Frustration and irritation at the workplace is not unusual, but situations can be tackled in two different ways.
“Really?! How hard can it be? Get it together and get it done!” I hadn’t said those words yet, but I felt like I was on the verge. I was boiling with irritation and exasperation, which I found nearly impossible to keep inside. My colleague had agreed to fetch some important equipment quite a while ago, for a patient who was lying in bed waiting for it; yet, here she sat, still looking at her computer screen and dilly-dallying.
Suddenly a little thought hit me – an analogy: There are two ways to get through the ice. Either you can hack and chip your way through, or you can warm up the ice until it melts.
I squirmed in my chair. This didn’t apply right now, I thought! I had every right to tell her that enough was enough! I felt the cutting words start to well up, but then I envisioned an ice covered field through which someone had hacked a path. In my mind’s eye I could see that the ice was full of “gashes,” splinters and jagged edges, with shards of ice strewn all along the way. Wouldn’t my colleague also feel this way if I just “chopped away” with all of my good arguments, telling her that she had met the limit?
There are two ways to get through the ice. Either you can hack and chip your way through, or you can warm up the ice until it melts.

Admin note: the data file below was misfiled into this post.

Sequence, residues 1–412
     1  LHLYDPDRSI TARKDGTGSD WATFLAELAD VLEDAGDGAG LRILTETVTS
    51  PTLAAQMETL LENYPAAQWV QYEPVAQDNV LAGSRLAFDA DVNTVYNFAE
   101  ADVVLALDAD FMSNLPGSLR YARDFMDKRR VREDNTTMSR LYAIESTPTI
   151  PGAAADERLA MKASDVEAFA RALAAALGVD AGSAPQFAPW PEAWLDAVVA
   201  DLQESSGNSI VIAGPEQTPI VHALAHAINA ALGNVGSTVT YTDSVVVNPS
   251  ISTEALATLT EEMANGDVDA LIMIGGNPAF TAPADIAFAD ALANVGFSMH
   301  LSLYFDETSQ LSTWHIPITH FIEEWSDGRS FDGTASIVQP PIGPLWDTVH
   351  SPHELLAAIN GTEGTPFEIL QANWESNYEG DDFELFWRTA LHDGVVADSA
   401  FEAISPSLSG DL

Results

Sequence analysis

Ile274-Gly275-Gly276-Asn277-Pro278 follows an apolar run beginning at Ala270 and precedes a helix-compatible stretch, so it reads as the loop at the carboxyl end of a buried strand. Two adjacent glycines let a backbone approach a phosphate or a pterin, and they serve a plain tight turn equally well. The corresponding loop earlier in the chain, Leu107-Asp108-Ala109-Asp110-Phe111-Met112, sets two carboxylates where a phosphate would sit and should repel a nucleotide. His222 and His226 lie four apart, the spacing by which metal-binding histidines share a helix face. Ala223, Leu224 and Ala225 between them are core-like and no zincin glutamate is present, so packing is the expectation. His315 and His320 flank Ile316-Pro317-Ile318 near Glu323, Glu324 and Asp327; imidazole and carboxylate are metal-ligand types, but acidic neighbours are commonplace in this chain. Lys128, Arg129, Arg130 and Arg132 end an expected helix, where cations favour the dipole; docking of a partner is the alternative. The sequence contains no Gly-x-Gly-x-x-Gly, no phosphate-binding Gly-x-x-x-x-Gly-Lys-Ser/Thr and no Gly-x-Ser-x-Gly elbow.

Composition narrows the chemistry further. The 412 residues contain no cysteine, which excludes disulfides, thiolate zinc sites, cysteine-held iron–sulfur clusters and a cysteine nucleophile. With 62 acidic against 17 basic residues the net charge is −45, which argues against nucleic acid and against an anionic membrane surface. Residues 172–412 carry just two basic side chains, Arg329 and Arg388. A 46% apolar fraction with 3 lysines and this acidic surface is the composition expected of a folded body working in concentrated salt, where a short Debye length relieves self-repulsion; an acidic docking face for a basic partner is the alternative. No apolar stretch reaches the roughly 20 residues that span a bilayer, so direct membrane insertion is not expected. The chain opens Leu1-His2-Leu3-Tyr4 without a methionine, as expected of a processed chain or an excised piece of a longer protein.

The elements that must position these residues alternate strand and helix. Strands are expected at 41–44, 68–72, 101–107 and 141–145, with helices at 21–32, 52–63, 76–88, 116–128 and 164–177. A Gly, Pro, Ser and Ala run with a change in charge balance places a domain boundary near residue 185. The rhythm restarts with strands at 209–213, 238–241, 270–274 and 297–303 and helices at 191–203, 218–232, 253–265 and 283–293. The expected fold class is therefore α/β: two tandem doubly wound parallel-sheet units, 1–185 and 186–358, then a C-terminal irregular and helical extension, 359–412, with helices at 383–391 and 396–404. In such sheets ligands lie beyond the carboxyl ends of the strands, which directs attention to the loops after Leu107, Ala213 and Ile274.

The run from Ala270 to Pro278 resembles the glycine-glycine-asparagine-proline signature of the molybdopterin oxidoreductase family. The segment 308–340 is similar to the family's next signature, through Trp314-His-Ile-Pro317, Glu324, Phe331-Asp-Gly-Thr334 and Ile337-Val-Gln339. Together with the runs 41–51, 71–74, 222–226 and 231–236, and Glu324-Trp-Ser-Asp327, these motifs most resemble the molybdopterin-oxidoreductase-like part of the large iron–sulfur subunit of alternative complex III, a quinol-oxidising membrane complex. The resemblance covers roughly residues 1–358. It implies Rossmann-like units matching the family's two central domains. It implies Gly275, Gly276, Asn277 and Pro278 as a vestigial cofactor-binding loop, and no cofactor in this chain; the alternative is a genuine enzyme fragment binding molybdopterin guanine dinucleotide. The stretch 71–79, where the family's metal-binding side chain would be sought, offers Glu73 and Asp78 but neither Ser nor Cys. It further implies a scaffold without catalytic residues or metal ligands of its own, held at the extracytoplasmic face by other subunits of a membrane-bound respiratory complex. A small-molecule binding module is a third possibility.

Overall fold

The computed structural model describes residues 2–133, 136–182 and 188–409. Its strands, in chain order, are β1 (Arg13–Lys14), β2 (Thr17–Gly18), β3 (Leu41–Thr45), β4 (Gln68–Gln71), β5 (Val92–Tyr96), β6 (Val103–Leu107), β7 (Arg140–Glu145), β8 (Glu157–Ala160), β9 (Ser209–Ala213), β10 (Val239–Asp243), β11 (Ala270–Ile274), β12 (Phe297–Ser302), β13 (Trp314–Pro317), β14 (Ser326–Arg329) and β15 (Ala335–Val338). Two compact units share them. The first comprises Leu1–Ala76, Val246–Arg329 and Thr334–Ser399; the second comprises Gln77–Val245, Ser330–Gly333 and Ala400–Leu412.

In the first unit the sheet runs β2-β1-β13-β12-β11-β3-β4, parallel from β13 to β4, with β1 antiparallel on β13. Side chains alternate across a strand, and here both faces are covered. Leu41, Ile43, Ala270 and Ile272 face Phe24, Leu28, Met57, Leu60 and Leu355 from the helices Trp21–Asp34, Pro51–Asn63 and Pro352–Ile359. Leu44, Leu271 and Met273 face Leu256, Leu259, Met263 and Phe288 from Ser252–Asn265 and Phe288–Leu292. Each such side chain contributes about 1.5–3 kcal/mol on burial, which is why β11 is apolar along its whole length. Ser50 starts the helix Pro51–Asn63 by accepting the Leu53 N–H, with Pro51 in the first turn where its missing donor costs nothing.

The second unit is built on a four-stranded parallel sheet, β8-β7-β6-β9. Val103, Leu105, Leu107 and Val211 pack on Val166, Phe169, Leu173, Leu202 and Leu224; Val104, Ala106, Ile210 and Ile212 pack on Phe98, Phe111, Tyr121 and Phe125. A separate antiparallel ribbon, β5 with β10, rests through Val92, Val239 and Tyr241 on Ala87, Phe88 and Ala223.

I stopped and thought about it one more time. I envisioned how the icy field would look if someone had melted through it with warmth: it would have an even, smooth surface, without harsh edges and shards of ice everywhere. Hmm. Could it be worth taking the extra time?
Perhaps I hadn’t been clear enough in my request? It certainly wasn’t a life or death matter that needed to be taken care of immediately. Perhaps the method of using warmth might be more helpful, for my colleague, the patient and, not least, for myself? But how? I thought. It was not so easy to turn my thoughts around in the opposite direction. How could I actually help my colleague, instead of having the opposite effect on her?
I decided to apply this analogy as literally as I could. I got her a hot cup of coffee, and took it over to her. “How are things going?” I asked as naturally as I could.
“Oh, thank you! Yes, oh dear, sorry I haven’t had a chance to do what you asked, but I had to check on some blood tests and a few other things first. Thanks you so much for your thoughtfulness and patience! It is always so nice working together with you!” The ice had been broken; not least for me.
“Finally, all of you be of one mind, having compassion for one another; love as brothers, be tenderhearted, be courteous; not returning evil for evil or reviling for reviling, but on the contrary blessing, knowing that you were called to this, that you may inherit a blessing.” 1 Pet. 3:8-9